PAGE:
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5th Sunday of Lent (Ages 6-9): The Voice that Calls to Life

5th Sunday of Lent, Year A

  • 6-9 year olds


(Adults, begin by reading the Gospel aloud to the child, unless the child is a very fluent reader.)


John 11.3-7, 17, 20-27, 33b-45

(full reading: John 11.1-45)


In the Gospel for this Sunday, we hear about a miraculous thing that Jesus does. He has a family of close friends, Martha, Mary and Lazarus--two sisters and a brother. Lazarus becomes very ill, and before Jesus arrives at their house, he dies.

We hear that,

Jesus began to weep.

Of course Jesus cries. He is full of sorrow because he loves Lazarus. That's how we are when someone dies--full of sorrow. We might sob, we might get really angry, we might get really, really quiet. Jesus weeps.


But we also hear that,

Jesus was greatly disturbed in spirit

Hmm. Being disturbed is not the same as being full of sorrow. Something is bothering Jesus. He must know something is not right.


Jesus goes to the tomb where the people have put Lazarus' dead body. In Jesus' time, when someone died, people would wrap the dead body in cloths smelling of beautiful oils and spices to show how much they had loved that person. They would place the body in a tomb--a cave made out of rock--and roll a large stone over the opening. The stone would keep out keep animals from disturbing the tomb. The stone would also keep out light and air, but that would not matter because the person was no longer alive. The dead do not need light or air.


Jesus says,

“Take away the stone.”

The people do not think this is a good plan. Lazarus has been dead for 4 days. But the people do what Jesus says.


What does Jesus do?


Jesus calls out in a loud voice,

“Lazarus, come out!”

And?

The dead man came out
Lazarus comes out! (photo by Joe Pearson on Unsplash)

When his friend Lazarus has died, Jesus calls him back to life.

He calls him!

How powerful is Jesus' voice, that he can simply command, and it happens?

He says it. He does it.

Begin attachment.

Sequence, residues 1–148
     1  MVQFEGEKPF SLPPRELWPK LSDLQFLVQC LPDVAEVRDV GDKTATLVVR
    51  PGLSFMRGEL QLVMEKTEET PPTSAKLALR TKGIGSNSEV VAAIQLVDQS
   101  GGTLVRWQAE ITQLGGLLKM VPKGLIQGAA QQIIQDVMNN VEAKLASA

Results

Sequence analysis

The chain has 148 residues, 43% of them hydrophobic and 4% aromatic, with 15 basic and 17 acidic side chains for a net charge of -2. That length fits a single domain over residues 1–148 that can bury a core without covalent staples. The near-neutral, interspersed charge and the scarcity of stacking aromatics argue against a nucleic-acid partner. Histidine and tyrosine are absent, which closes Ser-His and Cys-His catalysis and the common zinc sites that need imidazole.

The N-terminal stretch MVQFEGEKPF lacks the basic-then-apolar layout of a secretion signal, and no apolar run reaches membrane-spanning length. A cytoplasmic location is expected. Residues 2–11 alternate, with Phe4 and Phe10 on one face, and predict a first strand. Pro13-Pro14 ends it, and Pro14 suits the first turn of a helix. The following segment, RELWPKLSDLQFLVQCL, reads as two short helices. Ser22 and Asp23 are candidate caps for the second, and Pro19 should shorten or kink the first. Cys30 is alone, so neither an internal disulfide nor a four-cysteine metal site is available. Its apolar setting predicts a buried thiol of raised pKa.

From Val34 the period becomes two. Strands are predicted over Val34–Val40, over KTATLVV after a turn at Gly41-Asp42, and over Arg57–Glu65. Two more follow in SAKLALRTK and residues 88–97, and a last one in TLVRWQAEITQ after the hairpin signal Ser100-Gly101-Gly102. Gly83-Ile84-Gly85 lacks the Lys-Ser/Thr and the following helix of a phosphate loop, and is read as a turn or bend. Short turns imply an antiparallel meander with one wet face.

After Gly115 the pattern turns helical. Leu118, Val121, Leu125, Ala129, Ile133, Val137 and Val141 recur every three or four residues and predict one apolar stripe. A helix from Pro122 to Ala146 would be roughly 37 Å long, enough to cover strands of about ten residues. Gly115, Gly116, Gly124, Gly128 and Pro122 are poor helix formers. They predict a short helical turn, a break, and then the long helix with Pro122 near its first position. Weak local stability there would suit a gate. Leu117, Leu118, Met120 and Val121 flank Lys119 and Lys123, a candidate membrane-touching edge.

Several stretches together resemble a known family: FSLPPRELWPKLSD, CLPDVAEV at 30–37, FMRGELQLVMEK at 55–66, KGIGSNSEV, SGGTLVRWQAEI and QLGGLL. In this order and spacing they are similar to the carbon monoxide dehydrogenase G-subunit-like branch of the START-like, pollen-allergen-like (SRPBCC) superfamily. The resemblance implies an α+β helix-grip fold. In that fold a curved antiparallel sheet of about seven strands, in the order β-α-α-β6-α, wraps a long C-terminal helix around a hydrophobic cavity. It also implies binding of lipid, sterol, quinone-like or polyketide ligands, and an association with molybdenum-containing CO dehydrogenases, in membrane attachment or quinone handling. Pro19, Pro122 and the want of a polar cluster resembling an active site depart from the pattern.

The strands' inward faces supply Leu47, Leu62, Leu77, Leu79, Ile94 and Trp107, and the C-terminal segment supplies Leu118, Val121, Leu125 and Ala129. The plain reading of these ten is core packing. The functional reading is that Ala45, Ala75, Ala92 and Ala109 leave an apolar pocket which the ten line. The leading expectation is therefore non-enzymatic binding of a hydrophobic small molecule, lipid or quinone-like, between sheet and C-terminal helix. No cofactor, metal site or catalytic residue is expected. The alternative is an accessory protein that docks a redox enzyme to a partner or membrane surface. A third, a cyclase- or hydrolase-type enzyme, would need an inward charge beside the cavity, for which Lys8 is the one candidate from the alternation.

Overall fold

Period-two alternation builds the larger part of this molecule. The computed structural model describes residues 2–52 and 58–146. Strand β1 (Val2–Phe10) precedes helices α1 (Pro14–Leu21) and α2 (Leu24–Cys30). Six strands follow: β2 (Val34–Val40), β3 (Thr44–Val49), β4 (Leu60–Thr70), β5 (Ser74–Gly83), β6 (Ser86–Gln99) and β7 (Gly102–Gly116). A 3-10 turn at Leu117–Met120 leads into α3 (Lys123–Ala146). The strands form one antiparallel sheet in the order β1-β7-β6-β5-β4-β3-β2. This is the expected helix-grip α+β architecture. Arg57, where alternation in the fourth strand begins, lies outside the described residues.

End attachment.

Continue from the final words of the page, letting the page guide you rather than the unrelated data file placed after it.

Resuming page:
That reminds me of one of the stories of creation:

Then God said, “Let there be light”; and there was light.

God commands it. It happens.

God says it. God does it.

No difference between saying and doing.


Not only that, but,

God saw that the light was good; and God separated the light from the darkness.

God likes the light. God creates both light and life.

No wonder Jesus is troubled in spirit when Lazarus dies and everyone, including himself, is sad. In the tomb there is no light or life.


We know that he says,

I came that they may have life, and have it abundantly. (John 10:10b)

Abundant life. So much life.

Jesus knows that God is not the God of death, but the God of Life.


When Jesus speaks with Martha, he says,

“I am the resurrection and the life.”

He doesn't just call Lazarus into life. It's who he is. He IS resurrection. He IS new life. He IS life stronger than death.

That's hard to wrap our minds around. It is easier to think about his voice.

The voice of the Good Shepherd calls the sheep

...out of darkness into light...

...out of death into life...

...out of sorrow into joy...


Jesus calls Lazarus out of the tomb so that Lazarus can live his old life fully.

But...

But...

But!

After Jesus rises from the dead, so completely full of the life of God that he can never die again,

he calls Lazarus once more,

out of this old life,

out of death,

into eternal life with him.


Eternal, abundant, resurrected LIFE.


I wonder, does he only call Lazarus to new life?


Remember, at our Baptism, when the water filled with the Holy Spirit is poured over our heads?

What is the first word spoken?

Whose name is called?

Whose voice do we hear deep in our hearts?

I wonder, are we also called into eternal life with Jesus?

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